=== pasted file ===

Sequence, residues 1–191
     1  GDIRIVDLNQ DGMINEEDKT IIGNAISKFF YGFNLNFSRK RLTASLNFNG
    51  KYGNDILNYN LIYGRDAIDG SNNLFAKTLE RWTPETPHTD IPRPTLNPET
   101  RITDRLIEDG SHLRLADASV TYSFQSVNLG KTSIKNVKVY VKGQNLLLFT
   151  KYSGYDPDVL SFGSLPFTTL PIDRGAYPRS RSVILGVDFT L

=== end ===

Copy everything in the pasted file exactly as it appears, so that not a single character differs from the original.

Sequence, residues 1–191
     1  GDIRIVDLNQ DGMINEEDKT IIGNAISKFF YGFNLNFSRK RLTASLNFNG
    51  KYGNDILNYN LIYGRDAIDG SNNLFAKTLE RWTPETPHTD IPRPTLNPET
   101  RITDRLIEDG SHLRLADASV TYSFQSVNLG KTSIKNVKVY VKGQNLLLFT
   151  KYSGYDPDVL SFGSLPFTTL PIDRGAYPRS RSVILGVDFT L